- Historic Sites
The Penobscot Fiasco
It hardly seemed possible that a British garrison of seven hundred men could withstand a siege by the greatest American armada of the Revolution. But luck was not with the Americans that summer
October 1974 | Volume 25, Issue 6
How close to the fort they came and how near they were to carrying the day is not known. But we do have Revere’s report. Standing high up on the peninsula’s slope as the sun went down on the other side, he strained through the smoke and haze to see what their efforts had won. “The Enemy fire grape at him [Lovell], but do not come out. Our Ships get under sail, we supposing they were coming in, when to our great mortification, (the Fog clearing away) we see five sail of ships in the Bay.” There was no doubt whose ships they were; the only question was how many more British sail were yet to come. Revere and Lovell saw their situation for what it was: hopeless. “It being near sundown & a shower coming on, the General led off his men.”
Sir George Collier and his British relief squadron had indeed arrived in Penobscot Bay and were now clearly visible from Castine. The ships numbered seven, rather than five, with a promise of more over the horizon. Their firepower and complements were awesome—a total of 204 guns and 1,530 men—even without counting the Nautilus , Albany , and North . The American fleet, for all its armed might (a total of 344 guns), was nothing but a state navy with highly independent ancillaries, the whole under a weak Continental command.
The next morning, most of the shore guns and troops having been removed to their ships during the night, Saltonstall’s fleet of warships and transports moved to the mouth of the harbor. The Americans, surging slowly in the swell, formed a crescent as best they could—the fighting ships placed to meet the enemy first in hopes that the transports might slip past to freedom.
The British, with their taller spars and greater sail, seemed to have no difficulty maneuvering. Undeterred by the rebel crescent, they came on, sailing directly at the center of the American force. Then, turning his ships in passing, Collier fired successive broadsides. The Americans, without a council and without a signal being raised, unanimously determined on flight.
There was perhaps as much prudence as cowardice in the decision. By fleeing up the Penobscot with reliable native pilots the Americans had, at any rate, a chance to debark their troops and get other supplies off before destroying their ships—most of which had been regarded by their owner-skippers as too valuable to risk in the preceding days’ combat. If they had chosen to fight or to run to sea, they might have saved nothing.
As it was, the fleeing ships presented a panorama of disaster. Lovell wrote in his journal: “It would be a fit subject for some masterly hand to describe it in its true colors;—to see four [in fact seven] ships pursuing seventeen sail of armed vessels, nine of which were stout ships—transports on fire—men of war [having wrecked themselves] blowing up … every kind of stores on shore … throwing about, and as much confusion as can possibly be conceived.”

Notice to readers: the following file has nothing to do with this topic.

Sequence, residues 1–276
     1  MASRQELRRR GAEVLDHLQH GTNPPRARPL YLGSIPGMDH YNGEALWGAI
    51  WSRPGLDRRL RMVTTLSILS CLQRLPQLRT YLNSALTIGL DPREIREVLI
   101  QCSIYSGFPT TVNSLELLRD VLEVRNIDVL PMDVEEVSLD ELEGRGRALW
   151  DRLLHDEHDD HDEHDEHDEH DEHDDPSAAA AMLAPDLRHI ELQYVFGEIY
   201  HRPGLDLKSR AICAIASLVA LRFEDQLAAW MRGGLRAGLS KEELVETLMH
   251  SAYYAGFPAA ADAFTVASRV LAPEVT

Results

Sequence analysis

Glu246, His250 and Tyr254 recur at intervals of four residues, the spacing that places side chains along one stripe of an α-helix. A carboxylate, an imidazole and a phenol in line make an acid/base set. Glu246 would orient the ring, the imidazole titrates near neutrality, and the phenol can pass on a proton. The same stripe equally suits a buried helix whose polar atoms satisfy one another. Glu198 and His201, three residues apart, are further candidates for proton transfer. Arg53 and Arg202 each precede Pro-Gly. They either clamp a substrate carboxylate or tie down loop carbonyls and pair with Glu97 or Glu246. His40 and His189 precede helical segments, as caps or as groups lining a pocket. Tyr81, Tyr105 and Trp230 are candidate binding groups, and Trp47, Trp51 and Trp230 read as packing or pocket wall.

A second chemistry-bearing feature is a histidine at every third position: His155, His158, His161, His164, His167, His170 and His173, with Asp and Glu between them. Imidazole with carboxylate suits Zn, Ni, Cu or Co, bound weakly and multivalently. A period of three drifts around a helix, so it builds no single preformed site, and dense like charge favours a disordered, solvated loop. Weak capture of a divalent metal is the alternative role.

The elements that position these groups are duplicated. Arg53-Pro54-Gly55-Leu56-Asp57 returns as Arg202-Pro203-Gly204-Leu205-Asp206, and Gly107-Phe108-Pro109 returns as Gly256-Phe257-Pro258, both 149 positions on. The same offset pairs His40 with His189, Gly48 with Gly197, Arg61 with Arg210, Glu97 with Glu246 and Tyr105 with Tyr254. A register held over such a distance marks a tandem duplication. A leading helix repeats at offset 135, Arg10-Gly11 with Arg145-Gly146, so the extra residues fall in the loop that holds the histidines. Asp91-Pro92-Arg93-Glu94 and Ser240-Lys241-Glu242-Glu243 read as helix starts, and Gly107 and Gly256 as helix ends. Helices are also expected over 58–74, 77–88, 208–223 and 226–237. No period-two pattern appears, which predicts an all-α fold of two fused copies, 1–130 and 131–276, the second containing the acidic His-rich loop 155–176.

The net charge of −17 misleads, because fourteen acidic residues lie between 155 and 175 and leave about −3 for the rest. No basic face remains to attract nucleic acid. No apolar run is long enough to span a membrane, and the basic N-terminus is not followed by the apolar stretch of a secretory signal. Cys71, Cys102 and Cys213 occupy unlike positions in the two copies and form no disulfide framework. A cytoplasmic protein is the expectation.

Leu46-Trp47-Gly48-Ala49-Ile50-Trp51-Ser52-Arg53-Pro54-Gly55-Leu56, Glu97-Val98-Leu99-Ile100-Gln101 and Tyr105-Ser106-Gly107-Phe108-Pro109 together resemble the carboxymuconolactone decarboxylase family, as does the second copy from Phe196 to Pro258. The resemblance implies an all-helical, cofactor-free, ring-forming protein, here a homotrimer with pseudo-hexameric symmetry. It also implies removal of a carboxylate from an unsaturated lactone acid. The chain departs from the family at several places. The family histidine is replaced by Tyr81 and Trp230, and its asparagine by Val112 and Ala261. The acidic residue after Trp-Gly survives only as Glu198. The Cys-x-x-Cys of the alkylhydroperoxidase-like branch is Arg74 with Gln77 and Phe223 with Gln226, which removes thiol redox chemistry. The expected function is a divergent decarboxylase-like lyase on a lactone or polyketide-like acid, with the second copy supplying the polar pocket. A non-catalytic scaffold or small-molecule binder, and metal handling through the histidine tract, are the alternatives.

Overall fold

The Penobscot expedition, despite the incidents of American heroism, ended as a crushing British victory, one in which a superb army and navy defeated at every level the efforts of local forces to oppose them. Three sloops of war and a small body of troops had withstood a twenty-oneday siege against a fleet and army six times their strength. The Massachusetts state navy was obliterated; the Continental Navy itself, deprived of vital support, was eclipsed for the remainder of the war. Massachusetts’ indebtedness was so great that she was unable thenceforth to raise a levy or equip a sizable body of fighting men.
Lovell’s proud army, now split into bands of starving fugitives, fled south and west through the Maine forest. A few hundred survivors of the expedition trudged wearily across the causeway into Boston two months later, at harvest time; the debacle had claimed over five hundred American lives.
The first item of business for those who returned was to fix the blame for the expedition’s failure. A brawling public battle of recrimination began that did further damage to the Continental Navy and Army. Among other expedition leaders Paul Revere was court-martialled. “Disappointment as usual wrought injustice,” he wrote, “and censure undeserved fell on many who did all that under the circumstances could have been expected.” But his convincingly detailed story of how he had made do with the few guns at his disposal brought him an eventual acquittal. The records of Commodore Saltonstall’s court-martial have, unfortunately, been lost. But the rumor that he had been bribed was apparently snuffed. All that remained was the certainty that to win the long, far-ranging rebellion that stretched on ahead of them Americans would need better men and less vainglorious strategies.
Castine stayed in British hands until long after the official end of the war, but eventually Dr. Calef and his Tory friends had to withdraw to Halifax, the last of so many Maine summers having come to an end.